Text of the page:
Recent days have seen the wider Democratic race become a slugfest between Sanders, riding grassroots support for his promise of political revolution, and Biden, who has been locking up support from electability-minded Democrats worried about a self-described democratic socialist’s chances against President Donald Trump.
“I believe in Bernie. I like his track record,” said Mark Webster, a 60-year-old security guard who voted Tuesday afternoon at the Elliot Recreation Center in Minneapolis. “I know my whole family is voting for Biden. I’ll be honest with you, two days ago I saw a picture of Bernie with Martin Luther King from the ’60s. Those principles and ideals — I had to.”
Karin Sargent, a 74-year-old retired social worker, said she decided for Biden at the last minute. “I wasn’t going to, but after the events of the last few days I decided to vote for Joe. I liked Pete and Amy, so when they went for Biden I decided I would too,” she said. “For me the main thing is beating Trump.”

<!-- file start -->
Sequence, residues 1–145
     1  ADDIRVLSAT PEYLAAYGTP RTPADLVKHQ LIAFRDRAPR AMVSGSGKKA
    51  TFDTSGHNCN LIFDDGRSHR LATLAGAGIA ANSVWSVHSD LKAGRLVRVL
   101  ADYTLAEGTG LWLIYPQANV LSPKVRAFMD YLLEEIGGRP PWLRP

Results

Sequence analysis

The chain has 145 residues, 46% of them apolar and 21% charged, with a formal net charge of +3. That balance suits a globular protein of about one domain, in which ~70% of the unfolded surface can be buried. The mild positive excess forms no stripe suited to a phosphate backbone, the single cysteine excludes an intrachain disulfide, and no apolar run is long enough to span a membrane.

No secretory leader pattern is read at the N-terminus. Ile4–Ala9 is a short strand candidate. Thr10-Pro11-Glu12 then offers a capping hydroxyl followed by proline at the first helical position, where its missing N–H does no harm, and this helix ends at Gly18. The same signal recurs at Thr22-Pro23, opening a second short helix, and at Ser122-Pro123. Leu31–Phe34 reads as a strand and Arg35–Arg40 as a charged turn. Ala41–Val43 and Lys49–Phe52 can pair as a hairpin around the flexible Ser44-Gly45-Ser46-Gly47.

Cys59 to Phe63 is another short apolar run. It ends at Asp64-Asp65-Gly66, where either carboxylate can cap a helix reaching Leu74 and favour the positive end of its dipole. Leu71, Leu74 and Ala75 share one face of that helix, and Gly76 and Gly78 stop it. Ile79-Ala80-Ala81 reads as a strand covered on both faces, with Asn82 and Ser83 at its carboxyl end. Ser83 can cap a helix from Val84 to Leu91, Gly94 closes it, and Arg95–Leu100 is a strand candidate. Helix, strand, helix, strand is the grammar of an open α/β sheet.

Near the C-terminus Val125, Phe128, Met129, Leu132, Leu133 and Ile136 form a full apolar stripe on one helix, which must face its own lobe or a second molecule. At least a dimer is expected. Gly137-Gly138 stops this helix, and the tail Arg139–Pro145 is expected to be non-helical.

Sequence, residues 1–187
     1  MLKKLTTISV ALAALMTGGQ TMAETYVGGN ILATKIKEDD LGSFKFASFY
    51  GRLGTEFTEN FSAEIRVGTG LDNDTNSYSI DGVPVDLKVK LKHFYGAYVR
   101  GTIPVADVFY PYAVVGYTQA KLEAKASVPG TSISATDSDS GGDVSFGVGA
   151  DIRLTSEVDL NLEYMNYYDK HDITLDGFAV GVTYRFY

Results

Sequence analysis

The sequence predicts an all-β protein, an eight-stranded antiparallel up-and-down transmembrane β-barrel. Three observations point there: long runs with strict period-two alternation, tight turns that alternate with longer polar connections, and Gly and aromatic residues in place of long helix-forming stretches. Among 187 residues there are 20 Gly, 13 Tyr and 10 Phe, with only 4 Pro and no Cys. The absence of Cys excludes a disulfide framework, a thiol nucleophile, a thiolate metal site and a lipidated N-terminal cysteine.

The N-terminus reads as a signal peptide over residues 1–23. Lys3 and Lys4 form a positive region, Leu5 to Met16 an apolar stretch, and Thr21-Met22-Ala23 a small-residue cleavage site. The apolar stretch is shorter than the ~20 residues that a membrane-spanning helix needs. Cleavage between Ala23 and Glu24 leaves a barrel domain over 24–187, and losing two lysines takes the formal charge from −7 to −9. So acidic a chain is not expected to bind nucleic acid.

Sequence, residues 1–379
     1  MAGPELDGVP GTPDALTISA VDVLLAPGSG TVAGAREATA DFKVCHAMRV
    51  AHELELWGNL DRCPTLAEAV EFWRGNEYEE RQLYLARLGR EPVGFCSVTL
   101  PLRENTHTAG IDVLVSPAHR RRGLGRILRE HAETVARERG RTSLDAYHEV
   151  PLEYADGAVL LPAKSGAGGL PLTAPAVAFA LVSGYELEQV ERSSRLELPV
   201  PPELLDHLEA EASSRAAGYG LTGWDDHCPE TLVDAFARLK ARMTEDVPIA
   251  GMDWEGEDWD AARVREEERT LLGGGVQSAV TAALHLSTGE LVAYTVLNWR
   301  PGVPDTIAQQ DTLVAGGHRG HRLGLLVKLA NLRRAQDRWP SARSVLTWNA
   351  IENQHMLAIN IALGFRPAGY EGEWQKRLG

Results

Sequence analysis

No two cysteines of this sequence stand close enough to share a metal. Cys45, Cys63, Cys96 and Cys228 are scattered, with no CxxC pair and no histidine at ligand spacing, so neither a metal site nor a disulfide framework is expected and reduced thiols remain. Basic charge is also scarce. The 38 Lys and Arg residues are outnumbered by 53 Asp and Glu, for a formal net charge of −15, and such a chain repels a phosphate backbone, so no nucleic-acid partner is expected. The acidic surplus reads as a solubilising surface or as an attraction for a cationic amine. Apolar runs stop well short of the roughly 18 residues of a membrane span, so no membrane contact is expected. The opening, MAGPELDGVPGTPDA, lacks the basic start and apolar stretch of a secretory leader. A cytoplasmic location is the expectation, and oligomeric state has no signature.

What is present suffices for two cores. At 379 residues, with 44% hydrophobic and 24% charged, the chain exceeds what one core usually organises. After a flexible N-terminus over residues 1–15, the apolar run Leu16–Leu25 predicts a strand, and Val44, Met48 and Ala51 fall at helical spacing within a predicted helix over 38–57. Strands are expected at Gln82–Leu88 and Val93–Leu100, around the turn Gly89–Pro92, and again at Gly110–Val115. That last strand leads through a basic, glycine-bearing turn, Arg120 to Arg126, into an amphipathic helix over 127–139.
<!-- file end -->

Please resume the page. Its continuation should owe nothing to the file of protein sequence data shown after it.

Most of Minnesota’s prominent Democratic politicians had endorsed Klobuchar. A handful including U.S. Rep. Collin Peterson and state Sen. Tom Bakk publicly shifted to Biden after Klobuchar dropped out.
Biden’s campaign aired last-minute TV and radio ads in Minnesota that featured Klobuchar.
Corey Day, Biden’s senior adviser for Minnesota and a former executive director of the DFL, said Tuesday night that Klobuchar’s “team was very helpful” with getting out the vote for Biden. Justin Buoen, who ran Klobuchar’s campaign, made an appearance at the Biden party in Minneapolis.
Warren, too, had campaign staff in Minnesota, and for months staffers and volunteers had worked to build support here.
But her dip in support as the first primaries were held seemed to damage her prospects in Minnesota as well. For his part, Bloomberg, who has been pouring millions of dollars of his own money into his campaign, hired several dozen Minnesota staffers and opened a handful of offices statewide. He also campaigned in the state twice in recent months.
Minnesota also held a Republican presidential primary on Tuesday. Trump’s was the only name on the ballot, though voters did have a write-in option.
Trump has one challenger in former Massachusetts Gov. William Weld, but the state Republican Party only submitted Trump’s name for inclusion.
While very low turnout was expected in the GOP primary, a few dedicated Trump supporters came out anyway.